June 17, 2011— -- Pocket knives and liquids aren't the only things that can't fly on airplanes anymore. Baggy pants sagging too low are also reason to be grounded.
But the mother of Deshon Marman, a young man arrested on U.S. Airways Flight 488 after his pants sagged too low to the ground, says that her son was treated unfairly. Donna Doyle said her son is being charged with indecent exposure, assault against a police officer and trespassing.
"He kept asking, 'Why? I didn't do anything.'... Deshon is not a troubled kid, he just wants to come home, get back into schooling and football and leave all this behind him," said Doyle.
Marman, 20, was arrested Wednesday after he refused to pull up his pajama bottoms upon boarding a flight from San Francisco to Phoenix to Alburquerque, N.M. Marman plays on the University of New Mexico's football team.
Sgt. Michael Rodriquez of the San Francisco Police Department described Marman's appearance.
"His underwear was covering his private areas, but his pants were below his shorts, so it was in full view of the traveling public," he said.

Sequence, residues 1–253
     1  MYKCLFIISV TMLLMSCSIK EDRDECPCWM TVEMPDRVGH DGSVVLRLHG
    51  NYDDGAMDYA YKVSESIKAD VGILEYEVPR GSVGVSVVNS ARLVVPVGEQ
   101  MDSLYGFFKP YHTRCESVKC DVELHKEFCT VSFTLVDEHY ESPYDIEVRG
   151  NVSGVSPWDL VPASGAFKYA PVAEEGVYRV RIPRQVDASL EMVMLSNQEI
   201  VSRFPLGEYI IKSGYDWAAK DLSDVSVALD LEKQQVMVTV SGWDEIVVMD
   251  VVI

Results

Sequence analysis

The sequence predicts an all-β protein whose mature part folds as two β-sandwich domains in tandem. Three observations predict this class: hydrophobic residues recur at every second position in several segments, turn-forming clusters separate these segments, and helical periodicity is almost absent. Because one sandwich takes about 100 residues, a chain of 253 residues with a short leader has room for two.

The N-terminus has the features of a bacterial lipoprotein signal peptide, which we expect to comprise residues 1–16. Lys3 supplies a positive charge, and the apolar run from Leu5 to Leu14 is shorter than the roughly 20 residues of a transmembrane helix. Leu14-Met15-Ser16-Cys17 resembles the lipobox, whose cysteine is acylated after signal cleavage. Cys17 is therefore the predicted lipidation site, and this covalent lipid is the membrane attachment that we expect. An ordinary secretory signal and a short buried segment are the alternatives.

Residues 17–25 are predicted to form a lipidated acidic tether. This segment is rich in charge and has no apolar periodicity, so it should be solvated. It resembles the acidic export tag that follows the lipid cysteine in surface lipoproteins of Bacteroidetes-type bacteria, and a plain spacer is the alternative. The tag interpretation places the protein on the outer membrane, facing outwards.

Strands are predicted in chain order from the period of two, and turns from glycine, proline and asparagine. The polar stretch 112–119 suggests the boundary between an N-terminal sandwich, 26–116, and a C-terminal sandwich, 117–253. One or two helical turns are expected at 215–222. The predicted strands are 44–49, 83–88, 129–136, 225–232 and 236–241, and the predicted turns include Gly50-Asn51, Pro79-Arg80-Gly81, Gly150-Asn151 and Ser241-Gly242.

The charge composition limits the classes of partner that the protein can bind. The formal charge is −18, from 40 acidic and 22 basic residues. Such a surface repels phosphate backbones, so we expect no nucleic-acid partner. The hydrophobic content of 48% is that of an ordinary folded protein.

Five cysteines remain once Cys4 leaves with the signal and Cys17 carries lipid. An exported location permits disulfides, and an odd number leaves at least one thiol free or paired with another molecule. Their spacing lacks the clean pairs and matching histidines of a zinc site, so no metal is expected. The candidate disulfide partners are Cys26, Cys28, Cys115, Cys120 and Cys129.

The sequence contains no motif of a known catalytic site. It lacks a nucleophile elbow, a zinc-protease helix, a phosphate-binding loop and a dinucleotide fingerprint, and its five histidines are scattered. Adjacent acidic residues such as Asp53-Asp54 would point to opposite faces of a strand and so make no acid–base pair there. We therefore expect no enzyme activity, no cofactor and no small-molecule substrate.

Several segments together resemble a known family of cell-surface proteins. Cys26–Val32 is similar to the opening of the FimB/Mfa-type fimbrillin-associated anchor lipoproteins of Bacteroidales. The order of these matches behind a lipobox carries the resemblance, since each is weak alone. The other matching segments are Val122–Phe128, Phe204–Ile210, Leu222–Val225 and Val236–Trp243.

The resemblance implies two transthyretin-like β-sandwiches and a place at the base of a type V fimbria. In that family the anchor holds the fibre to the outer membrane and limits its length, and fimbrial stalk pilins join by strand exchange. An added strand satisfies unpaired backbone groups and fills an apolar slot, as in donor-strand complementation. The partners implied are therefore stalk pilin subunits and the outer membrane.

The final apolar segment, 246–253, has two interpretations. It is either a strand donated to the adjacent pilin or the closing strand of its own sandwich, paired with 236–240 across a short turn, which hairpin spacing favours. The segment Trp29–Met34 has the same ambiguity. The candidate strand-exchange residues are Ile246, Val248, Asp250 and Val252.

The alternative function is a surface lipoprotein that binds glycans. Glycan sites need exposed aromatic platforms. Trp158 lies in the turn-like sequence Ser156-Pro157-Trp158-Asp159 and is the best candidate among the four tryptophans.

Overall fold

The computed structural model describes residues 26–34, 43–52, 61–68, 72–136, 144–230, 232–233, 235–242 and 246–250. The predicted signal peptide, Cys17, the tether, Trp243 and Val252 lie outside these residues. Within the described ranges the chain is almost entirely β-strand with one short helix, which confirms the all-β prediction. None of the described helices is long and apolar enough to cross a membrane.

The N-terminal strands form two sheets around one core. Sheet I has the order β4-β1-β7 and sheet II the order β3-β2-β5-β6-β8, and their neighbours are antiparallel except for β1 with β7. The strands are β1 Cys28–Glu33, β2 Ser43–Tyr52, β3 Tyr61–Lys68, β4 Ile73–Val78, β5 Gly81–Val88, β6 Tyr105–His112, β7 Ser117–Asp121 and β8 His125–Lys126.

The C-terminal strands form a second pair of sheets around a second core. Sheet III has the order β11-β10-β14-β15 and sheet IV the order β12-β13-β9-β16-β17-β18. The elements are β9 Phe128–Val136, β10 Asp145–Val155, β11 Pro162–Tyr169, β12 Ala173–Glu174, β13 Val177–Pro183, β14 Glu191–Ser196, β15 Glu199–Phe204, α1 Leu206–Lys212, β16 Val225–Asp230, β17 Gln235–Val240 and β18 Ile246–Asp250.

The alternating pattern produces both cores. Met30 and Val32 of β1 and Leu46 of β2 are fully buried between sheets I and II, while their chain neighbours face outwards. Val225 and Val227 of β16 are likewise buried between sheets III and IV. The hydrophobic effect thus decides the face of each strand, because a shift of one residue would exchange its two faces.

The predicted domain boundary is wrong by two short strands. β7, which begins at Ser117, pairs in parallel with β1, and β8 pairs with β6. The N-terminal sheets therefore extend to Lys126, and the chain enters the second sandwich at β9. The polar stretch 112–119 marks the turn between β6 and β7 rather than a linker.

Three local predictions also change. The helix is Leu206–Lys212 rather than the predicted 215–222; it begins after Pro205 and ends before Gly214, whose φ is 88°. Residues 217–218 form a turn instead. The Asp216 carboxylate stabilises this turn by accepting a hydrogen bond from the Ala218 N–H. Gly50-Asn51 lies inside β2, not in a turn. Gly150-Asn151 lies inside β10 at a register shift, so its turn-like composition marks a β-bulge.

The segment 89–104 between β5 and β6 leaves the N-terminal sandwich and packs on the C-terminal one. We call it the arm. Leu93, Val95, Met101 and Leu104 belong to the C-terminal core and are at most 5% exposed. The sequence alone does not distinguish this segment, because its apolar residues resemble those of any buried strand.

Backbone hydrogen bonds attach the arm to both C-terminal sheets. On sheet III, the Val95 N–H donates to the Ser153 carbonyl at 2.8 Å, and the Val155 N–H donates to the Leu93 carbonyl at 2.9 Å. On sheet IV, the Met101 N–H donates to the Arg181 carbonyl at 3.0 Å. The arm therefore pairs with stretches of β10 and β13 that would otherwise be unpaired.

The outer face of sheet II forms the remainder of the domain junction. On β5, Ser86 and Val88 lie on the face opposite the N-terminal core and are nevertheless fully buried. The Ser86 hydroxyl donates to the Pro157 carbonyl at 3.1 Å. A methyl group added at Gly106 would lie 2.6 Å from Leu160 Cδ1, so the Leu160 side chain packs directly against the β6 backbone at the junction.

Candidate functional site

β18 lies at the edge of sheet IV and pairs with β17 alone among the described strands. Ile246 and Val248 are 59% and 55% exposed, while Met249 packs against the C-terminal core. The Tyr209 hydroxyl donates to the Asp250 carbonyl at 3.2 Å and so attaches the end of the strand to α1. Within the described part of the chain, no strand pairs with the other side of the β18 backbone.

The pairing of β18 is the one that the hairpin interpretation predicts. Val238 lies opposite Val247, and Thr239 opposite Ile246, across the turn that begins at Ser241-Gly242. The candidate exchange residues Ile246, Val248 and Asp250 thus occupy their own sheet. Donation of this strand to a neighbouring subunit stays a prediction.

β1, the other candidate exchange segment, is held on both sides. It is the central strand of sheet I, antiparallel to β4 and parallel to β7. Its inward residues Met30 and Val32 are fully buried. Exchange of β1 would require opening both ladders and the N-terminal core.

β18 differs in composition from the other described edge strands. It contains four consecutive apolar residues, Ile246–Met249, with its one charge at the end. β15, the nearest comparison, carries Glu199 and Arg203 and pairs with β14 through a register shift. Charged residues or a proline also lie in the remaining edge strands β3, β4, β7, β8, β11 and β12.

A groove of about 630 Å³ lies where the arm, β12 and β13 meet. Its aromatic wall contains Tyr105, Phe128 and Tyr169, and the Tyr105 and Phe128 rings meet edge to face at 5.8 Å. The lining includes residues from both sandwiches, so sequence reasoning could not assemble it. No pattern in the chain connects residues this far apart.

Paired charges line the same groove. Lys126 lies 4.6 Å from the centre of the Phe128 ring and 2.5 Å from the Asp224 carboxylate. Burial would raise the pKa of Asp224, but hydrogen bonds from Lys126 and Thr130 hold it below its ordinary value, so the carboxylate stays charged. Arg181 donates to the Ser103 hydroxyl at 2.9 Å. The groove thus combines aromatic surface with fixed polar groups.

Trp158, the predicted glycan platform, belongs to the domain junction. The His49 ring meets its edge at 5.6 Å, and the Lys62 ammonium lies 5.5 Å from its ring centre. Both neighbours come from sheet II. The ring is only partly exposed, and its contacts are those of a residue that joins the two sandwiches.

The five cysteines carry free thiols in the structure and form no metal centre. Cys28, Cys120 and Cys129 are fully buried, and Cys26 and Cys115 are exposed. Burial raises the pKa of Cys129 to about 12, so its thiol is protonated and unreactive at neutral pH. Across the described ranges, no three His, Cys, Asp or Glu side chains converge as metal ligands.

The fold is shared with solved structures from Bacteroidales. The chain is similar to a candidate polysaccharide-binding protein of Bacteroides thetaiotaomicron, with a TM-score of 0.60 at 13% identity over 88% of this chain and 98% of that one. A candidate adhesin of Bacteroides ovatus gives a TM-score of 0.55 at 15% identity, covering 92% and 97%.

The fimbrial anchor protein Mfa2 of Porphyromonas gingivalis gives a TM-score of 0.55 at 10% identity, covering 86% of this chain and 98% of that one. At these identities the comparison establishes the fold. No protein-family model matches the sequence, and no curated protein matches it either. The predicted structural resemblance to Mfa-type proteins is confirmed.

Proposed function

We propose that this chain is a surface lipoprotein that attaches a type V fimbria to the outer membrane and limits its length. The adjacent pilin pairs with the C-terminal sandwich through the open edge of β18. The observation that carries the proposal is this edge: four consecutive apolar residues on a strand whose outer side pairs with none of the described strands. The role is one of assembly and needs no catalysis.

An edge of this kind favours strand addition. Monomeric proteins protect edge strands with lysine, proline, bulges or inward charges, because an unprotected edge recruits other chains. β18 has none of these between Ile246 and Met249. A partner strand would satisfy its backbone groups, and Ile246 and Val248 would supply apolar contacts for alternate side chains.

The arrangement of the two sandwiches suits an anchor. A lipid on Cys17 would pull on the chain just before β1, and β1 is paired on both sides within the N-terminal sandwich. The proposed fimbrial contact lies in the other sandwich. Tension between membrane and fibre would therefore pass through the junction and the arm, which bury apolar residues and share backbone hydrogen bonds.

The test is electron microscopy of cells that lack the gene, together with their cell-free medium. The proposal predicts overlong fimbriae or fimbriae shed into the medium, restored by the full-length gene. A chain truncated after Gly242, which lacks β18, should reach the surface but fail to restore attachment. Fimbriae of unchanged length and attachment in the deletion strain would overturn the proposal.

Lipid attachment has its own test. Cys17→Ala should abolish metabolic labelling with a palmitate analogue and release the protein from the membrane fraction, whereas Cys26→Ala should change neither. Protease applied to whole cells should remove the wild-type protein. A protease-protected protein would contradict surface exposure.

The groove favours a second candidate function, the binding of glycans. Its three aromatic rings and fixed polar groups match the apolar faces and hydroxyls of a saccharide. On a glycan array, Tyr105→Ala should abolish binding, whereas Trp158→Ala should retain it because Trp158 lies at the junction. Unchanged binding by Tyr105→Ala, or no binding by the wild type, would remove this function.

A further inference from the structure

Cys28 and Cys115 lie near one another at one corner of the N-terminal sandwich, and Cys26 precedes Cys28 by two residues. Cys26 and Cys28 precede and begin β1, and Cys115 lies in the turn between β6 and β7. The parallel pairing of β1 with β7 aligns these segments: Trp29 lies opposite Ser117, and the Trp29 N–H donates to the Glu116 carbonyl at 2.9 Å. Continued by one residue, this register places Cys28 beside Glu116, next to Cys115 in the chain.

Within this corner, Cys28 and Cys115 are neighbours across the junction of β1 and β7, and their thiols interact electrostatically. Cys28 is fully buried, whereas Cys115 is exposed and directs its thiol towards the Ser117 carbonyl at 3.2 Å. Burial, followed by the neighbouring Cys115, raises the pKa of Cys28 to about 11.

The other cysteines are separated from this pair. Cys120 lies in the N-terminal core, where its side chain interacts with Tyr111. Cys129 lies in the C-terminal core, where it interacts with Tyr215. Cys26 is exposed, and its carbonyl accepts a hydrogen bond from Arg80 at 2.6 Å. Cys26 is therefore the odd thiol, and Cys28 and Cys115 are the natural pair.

U.S. Airways said that it was Marman's behavior that got him booted from the flight and arrested.
"On Wednesday a passenger was removed and taken into custody after repeatedly ignoring crew members instructions," said U.S. Airways spokesperson Andrew Christie. He said that although the airline does not have a specific dress code, "we do ask our customers to dress in an appropriate manner to assure the safety and comfort of all passengers."
Student Kicked Off Airline Says Pajama Pants Weren't Too Low
Marman told ABC News he felt mistreated by the airline.
"I felt harassed, like they were attacking me, but I don't know why. I paid my ticket like everybody else," Marman said..
He claimed he was walking onto the plane when airline personnel approached him. "The pajama bottoms wre loose and they didn't fit well," but that "only the top of my underwear was showing."
"I tried to pull it up, but I couldn't because I was carrying two big bags and I was in a line of people all moving fast toward the plane," he said.
Marman said he pulled up his pants when he got to his seat, but was arrested shortly after the pilot came out to talk to him. The pilot asked him to deplane, after which Marman said officers appeared and arrested him as he left.
Doyle said that, as a mother, she doesn't support the type clothing her son was wearing, but that's not a reason to kick a passenger off a plane and arrest him.
"The clothing is a fad, but you cannot judge a book by its cover. That woman made a judgment call and from there, it became a power struggle. She figured, 'I'll show you,'" said Doyle.
"He's remorseful," said his mother. "If he could do it again, he would stop traffic and pull up his pants."